GentileDaFabriano_AdorationOfTheMagiThe often eye-dazzling International Gothic style favored brilliant color and abundant detail over realistic depictions of figures and space. In his Adoration of the Magi altarpiece, Italian painter Gentile da Fabriano brought the International Gothic style to its culmination, just a few years before the Early Renaissance style emerged in the works of Brunelleschi, Donatello and Masaccio. The altarpiece was commissioned by Palla Strozzi, a wealthy Florentine patron of the arts, for a chapel in the Santa Trinita church. (He and his son are depicted among the retinue of the Three Kings.) The ornate frame is crammed full of figures in elaborate 14th Century costumes, rich in scenery and populated by many animals, including exotic specimens like leopards and lions. The backstory of the Magi is told in the three arches: first, they see the star (left), then they go to Jerusalem (center), then to Bethlehem (right), and finally (in the foreground), they present gifts to the baby Jesus. The predella (the supporting panels at the bottom of the main frame) contain three additional scenes: two of them (the nativity scene and the flight into Egypt) include some novel experiments with night lighting and multiple lighting sources (see image below showing Nativity scene).
fabriano predella

197. North Doors, Florence Baptistery

Artist: Lorenzo Ghiberti (born Lorenzo di Bartolo)
Date: Begun 1403; completed in 1424.
Period/Style: Late Gothic/Early Renaissance; Italy; religious
Medium: Set of doors with gilded bronze relief sculptures in quatrefoils
Dimensions: 16.6 ft. tall
Current location: The original doors are in the Museo dell’Opera del Duomo in Florence, Italy. The doors on the Florence Baptistery are replicas.

The Baptistery in Florence has three sets of bronze doors that are decorated with relief sculptures. The south doors were done by Andrea Pisano in 1330-1336; Lorenzo Ghiberti did the north doors between 1403-1424, and the east doors (known as the Gates of Paradise) from 1425-1452. The 23-year-old Ghiberti won a competition to sculpt the north doors over such names as Brunelleschi and Jacopo della Quercia. The north doors consist of a large frame consisting of rosettes and prophets’ heads, inside of which are 28 panels (14 per door), each surrounded by a polylobate Gothic frame known as a quatrefoil, each of which was set inside a square frame with plant motifs. Only the relief figures were gilded; the bronze in the background has acquired a dark patina over the centuries. Twenty of the panels depict the life of Christ, and eight panels portray the evangelists and church fathers. While Ghiberti’s work on the north doors shows some signs of the naturalism that would usher in the Renaissance, the style of the reliefs is essentially Gothic. A major restoration project was undertaken in 2012-2015. The original doors were removed, restored and moved to the Museo dell’Opera del Duomo, where they have been on display (and safe from the ravages of the weather) since late 2015. In January 2016, a faithful replica of the North Doors was installed at the Baptistery. The image above shows the restored North Doors in the Museo dell’Opera del Duomo. The image below shows the restored version of The Temptation of Christ.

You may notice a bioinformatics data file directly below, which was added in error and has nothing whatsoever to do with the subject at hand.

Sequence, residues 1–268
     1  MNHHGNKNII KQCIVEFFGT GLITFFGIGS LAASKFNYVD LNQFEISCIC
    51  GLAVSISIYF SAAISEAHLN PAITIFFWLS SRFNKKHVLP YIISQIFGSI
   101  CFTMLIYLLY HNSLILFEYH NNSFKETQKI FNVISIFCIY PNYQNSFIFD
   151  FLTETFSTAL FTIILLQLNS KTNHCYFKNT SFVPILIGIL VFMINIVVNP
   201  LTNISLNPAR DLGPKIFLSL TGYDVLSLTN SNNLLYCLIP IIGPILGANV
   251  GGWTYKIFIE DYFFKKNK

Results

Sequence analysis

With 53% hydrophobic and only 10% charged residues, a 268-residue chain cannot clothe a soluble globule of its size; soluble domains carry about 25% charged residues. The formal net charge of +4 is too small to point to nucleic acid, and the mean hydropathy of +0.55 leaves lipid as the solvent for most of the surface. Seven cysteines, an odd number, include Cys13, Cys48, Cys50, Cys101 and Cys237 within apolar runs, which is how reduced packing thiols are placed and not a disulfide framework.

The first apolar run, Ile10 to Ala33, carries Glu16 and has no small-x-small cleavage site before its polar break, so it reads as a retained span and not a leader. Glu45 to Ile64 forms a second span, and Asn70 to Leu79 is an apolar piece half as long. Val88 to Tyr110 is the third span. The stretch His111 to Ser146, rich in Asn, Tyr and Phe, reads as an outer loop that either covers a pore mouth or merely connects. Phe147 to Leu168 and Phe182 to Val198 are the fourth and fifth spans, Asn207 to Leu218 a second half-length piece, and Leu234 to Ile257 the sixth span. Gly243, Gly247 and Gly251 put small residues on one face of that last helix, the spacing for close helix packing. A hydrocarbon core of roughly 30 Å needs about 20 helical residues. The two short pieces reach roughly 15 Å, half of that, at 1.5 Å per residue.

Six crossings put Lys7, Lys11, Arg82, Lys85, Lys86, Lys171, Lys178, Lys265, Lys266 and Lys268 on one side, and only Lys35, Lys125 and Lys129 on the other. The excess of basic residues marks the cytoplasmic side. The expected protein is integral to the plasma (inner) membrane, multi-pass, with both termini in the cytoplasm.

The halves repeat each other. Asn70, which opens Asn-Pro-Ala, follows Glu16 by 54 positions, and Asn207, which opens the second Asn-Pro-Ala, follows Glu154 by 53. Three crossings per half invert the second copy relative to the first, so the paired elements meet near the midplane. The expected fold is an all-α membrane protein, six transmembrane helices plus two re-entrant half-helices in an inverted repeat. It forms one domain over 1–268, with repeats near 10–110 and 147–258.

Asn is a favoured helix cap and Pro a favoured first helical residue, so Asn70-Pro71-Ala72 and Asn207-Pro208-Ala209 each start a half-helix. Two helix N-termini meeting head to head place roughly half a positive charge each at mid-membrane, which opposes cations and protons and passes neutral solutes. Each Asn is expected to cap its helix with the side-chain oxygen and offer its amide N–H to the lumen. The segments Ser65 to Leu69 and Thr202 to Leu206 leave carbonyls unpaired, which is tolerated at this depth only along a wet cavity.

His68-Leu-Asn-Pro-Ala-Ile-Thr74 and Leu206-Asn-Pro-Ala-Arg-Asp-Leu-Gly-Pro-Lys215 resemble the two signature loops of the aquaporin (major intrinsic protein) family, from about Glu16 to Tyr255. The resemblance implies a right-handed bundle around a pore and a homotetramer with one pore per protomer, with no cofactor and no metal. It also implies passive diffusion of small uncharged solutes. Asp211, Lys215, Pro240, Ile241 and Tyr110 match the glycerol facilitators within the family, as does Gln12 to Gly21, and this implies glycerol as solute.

198. The Mérode Altarpiece (Annunciation Triptych)

Artist: The authorship of the triptych is much disputed. It was originally attributed to the Master of Flémalle, who is now generally believed to be Robert Campin. But after the discovery of an earlier version of the central panel (now in Brussels), many scholars attribute the Mérode triptych to Campin’s assistants in his workshop.
Date: c. 1425-1428
Period/Style: Medieval period; Late Gothic/Early Netherlandish style; Flanders (now Belgium)
Medium: Oil paints on oak panels
Dimensions: The entire triptych is 2.1 ft. tall by 3.9 ft. wide; the center panel is 2.1 ft. tall by 2.1 ft. wide; and the wings are each 2.1 ft. tall by 0.9 ft. wide.
Current location: The Cloisters, Metropolitan Museum of Art, New York